One of the most frequently asked questions when it comes to married life is, “What can I do to improve intimacy in my marriage?” First, if you are asking this question, you need to know that a decrease, or even a lack of, physical intimacy is a somewhat normal occurrence in marriage, and there is no need to panic provided it is not an ongoing problem. Especially true after a number of years together, after creating a family, and during times of high stress, romantic activities may be temporarily placed on the back burner. As a fact of life, married people, in pursuit of business, domestic, and family activities, will make less time for their partners. Life events like childbirth, grief, or changes in employment may also get in the way of romantic routines.
Sexuality and marital intimacy are crucial components of a lasting romance. Notice that we’ve placed these in separate categories. That is because most people do not realize that sex and intimacy are different, that there are different forms of expression. Components of intimacy must work together and properly align, to form happy marriages.
Understanding different scenarios
As such, partners sometimes feel that their relationships lack intimacy, or, they sense something is lacking but they are not able to put their finger on it. Let’s say your partner no longer seems interested in foreplay, or the sex does not seem as rewarding as it did five years ago. Or, your partner is confused because regular sex is happening and yet, something feels different. In this case it’s not the frequency of sex or the physical component that’s missing; it’s the emotional component. That is the type of touching, kissing, caressing, and pillow talk that promotes a sense of closeness – it is the type of gushy stuff you probably did when you first got together. So what’s changed?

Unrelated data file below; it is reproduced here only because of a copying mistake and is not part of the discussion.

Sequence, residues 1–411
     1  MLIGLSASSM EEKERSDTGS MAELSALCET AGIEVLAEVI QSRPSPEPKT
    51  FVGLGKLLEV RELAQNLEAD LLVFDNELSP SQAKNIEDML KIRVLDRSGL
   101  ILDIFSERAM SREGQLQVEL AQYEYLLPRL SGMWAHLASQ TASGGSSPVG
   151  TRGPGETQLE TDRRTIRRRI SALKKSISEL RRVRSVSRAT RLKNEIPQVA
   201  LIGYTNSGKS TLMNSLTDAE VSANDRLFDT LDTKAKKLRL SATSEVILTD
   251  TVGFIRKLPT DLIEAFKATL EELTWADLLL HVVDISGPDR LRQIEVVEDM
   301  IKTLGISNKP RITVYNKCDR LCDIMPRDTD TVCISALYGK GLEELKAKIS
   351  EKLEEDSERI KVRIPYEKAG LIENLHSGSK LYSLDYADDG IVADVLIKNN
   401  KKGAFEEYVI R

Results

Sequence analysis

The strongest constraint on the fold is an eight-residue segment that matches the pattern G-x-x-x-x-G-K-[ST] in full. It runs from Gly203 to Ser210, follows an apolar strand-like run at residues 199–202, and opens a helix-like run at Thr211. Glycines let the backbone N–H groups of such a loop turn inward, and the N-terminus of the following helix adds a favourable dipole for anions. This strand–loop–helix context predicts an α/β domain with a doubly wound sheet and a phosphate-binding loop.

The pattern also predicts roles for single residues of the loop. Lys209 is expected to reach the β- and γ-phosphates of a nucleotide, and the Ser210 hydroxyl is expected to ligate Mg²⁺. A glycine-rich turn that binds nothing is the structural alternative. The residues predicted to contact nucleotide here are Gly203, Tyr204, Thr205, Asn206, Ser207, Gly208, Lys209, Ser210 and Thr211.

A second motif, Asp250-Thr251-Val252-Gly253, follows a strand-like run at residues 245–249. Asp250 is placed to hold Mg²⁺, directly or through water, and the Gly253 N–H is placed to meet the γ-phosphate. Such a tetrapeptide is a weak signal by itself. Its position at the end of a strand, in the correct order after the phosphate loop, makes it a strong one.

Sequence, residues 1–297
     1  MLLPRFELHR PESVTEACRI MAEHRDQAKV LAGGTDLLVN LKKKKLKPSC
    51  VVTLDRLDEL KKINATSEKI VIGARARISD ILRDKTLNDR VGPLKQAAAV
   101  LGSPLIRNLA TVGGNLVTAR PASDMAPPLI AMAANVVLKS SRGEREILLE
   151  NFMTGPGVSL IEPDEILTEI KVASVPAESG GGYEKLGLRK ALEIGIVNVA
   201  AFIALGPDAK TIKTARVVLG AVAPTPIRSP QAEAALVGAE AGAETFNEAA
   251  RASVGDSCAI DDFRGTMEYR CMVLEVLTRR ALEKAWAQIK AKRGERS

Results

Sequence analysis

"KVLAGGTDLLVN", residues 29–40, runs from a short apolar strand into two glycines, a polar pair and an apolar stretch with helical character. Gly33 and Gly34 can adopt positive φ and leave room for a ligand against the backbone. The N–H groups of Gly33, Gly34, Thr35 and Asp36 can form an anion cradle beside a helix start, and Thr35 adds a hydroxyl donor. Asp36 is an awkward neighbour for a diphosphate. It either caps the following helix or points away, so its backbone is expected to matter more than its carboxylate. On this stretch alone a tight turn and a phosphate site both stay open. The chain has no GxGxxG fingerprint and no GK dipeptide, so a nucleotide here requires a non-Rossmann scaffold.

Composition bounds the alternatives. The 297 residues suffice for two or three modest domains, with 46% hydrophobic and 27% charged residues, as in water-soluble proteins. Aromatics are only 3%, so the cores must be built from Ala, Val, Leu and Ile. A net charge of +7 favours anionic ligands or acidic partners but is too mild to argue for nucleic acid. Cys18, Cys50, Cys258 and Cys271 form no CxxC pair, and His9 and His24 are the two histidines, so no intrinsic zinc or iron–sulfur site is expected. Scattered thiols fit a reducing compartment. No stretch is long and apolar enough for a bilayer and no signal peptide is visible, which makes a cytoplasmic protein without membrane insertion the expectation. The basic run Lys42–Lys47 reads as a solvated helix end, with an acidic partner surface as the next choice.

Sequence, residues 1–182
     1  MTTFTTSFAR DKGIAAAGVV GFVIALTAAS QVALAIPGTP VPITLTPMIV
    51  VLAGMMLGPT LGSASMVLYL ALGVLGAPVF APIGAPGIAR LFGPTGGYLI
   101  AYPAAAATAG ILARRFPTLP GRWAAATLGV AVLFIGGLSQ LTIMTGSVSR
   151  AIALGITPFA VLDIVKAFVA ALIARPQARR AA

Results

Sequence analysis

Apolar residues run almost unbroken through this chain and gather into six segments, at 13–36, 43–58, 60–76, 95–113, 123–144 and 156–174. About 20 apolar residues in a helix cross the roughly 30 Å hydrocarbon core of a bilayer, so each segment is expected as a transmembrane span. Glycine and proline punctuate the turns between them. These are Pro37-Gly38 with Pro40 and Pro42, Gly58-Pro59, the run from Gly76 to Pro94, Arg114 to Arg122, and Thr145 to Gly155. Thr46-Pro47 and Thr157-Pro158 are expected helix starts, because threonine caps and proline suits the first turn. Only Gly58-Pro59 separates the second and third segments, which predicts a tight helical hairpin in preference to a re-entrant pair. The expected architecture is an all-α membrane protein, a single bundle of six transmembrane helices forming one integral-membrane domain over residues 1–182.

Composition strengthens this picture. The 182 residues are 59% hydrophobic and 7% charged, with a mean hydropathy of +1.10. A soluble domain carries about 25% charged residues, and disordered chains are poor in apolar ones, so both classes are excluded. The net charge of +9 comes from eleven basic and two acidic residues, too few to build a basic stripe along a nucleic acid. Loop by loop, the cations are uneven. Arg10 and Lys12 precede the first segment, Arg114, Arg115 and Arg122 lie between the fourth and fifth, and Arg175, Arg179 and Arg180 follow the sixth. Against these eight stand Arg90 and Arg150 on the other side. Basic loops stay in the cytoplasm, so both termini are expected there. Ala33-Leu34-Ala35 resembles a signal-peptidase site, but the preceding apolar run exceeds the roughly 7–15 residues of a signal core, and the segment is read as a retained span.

The answer is everything. It didn’t seem like it at the time, but you were working hard on your relationship during courtship, putting forth lots of energy to attain and keep your mate interested. Now that you’re married, you’re probably resting on your laurels as we have a tendency to do. But, therein is the error. Just as plants need watering, your relationship needs continuous nourishment to keep it healthy and strong. Marriage certificates do not provide the nourishment and effort a relationship needs; therefore it does not end when the wedding takes place.
Communication kickstarts intimacy
In conclusion, if a partner communicates a desire to improve intimacy, it is a consideration both should take seriously. Being able to communicate around these issues –to be sensitive and supportive to your partner’s wishes and needs, and to continually water the plant of your relationship– is very necessary. In its most basic stages, communication kickstarts intimacy. So practice talking honestly about what you currently enjoy, and would enjoy more of, in sex with your partner. Compromise, if necessary. Remember to put forth your expression of love, appreciation, and romance, and the intimacy should fall naturally into place.
A marriage without intimacy, truly, can never be a happy one.
Want to have a happier, healthier marriage?
If you feel disconnected or frustrated about the state of your marriage but want to avoid separation and/or divorce, the marriage.com course meant for married couples is an excellent resource to help you overcome the most challenging aspects of being married.
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